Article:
[For norethisterone contraceptive see Progesterone Only Contraceptive monograph]
Issues for Surgery
For treatment of endometriosis, menorrhagia or dysfunctional uterine bleeding – potential increase in symptoms if stopped.
Risk of venous thromboembolism (VTE) if therapeutic doses continued1 (see Further Information).
Advice in the Perioperative period
Consider stopping 4-6 weeks before surgery where prolonged immobilisation is likely (e.g. abdominal surgery or orthopaedic lower limb surgery)2.
If continuing, ensure adequate thromboprophylaxis as risk of VTE comparable to combined oral contraceptive pill2.
Ensure adequate thromboprophylaxis as risk of VTE comparable to combined oral contraceptive pill2.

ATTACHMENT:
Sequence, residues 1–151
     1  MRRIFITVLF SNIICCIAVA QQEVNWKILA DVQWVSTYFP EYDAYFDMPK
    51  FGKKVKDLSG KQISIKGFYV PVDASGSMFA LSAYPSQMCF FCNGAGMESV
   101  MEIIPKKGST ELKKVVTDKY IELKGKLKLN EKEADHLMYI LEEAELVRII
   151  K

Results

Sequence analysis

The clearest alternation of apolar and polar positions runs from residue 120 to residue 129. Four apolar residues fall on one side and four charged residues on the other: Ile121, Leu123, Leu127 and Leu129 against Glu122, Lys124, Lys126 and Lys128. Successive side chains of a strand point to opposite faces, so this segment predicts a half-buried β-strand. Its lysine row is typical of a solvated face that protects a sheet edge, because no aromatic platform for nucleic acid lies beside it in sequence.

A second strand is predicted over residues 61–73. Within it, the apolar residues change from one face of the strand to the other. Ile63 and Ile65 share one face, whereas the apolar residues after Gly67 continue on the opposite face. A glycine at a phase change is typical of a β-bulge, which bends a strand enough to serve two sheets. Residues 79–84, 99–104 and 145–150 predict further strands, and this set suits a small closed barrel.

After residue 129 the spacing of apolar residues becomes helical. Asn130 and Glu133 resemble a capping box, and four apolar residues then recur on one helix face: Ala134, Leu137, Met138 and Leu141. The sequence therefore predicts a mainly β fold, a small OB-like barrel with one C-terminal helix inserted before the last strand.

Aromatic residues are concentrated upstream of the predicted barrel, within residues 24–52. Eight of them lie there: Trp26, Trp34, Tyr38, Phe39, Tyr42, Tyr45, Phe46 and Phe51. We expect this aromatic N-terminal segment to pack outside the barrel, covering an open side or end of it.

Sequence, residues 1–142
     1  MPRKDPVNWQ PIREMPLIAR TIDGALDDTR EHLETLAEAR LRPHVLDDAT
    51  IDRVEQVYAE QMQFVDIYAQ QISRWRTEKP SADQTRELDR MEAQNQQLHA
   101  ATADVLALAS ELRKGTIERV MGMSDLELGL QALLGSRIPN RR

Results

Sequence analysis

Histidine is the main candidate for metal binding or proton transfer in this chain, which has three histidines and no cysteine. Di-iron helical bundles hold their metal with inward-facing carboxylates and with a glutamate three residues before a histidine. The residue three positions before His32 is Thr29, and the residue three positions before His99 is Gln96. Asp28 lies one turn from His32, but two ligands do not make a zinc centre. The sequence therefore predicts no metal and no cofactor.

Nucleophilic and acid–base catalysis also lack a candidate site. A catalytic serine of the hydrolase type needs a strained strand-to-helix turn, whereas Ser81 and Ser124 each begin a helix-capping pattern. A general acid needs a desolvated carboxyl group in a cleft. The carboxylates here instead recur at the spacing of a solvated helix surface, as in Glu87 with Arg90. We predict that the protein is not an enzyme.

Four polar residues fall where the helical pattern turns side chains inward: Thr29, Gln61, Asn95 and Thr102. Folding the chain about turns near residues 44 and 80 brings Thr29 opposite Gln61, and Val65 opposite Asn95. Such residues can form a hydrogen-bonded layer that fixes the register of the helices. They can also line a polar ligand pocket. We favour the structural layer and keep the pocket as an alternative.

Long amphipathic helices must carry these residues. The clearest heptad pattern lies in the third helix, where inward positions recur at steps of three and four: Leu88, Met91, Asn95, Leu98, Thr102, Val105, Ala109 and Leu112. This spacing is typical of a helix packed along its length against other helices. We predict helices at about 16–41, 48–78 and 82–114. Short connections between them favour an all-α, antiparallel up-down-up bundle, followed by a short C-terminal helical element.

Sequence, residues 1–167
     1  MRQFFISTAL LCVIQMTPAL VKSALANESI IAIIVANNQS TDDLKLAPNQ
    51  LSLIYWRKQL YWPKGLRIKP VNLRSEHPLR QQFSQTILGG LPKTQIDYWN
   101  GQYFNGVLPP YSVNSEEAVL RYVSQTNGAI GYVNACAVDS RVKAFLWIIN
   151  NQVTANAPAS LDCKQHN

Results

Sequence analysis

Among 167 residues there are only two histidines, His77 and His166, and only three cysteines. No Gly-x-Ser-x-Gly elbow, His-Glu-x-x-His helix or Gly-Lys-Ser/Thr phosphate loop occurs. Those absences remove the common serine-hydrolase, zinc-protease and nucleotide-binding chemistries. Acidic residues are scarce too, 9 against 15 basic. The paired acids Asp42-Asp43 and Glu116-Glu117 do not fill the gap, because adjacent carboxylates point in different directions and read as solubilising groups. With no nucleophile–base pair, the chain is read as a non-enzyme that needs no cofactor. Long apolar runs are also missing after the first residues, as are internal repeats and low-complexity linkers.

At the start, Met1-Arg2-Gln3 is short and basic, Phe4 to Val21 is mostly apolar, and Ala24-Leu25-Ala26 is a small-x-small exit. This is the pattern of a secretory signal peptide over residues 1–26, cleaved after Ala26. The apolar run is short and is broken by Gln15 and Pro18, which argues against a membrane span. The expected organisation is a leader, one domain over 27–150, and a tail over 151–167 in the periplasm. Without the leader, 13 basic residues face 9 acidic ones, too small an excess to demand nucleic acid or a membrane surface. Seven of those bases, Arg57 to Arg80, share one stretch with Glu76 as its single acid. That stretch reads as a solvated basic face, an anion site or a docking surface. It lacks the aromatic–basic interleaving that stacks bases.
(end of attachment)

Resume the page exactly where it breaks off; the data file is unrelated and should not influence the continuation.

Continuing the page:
Consider stopping on admission if prolonged immobilisation is likely2.
If discontinued pre-operatively, restart once mobile.
Interaction(s) with Common Anaesthetic Agents
Administration of a single bolus dose of sugammadex is predicted to cause a 34% decrease in progestogen exposure3, 4.
Interaction(s) with other Common Medicines used in the Perioperative Period
Risk of VTE
Therapeutic doses of norethisterone and norethisterone acetate (used for endometriosis, menorrhagia, dysfunctional uterine bleeding or postponement of menstruation1) are thought to be associated with an increased risk of VTE. Partial metabolism of norethisterone to ethinylestradiol has been noted at doses exceeding 5mg5. A daily norethisterone dose of 10-20mg is likely to equate to a 20-30microgram dose of ethinylestradiol, and therefore carry the same VTE risk as the combined contraceptive pill6.
The conversion of norethisterone to ethinylestradiol has been attributed to a structural peculiarity of the norethisterone molecule and thus there are no implications for other progestogens regardless of dose6.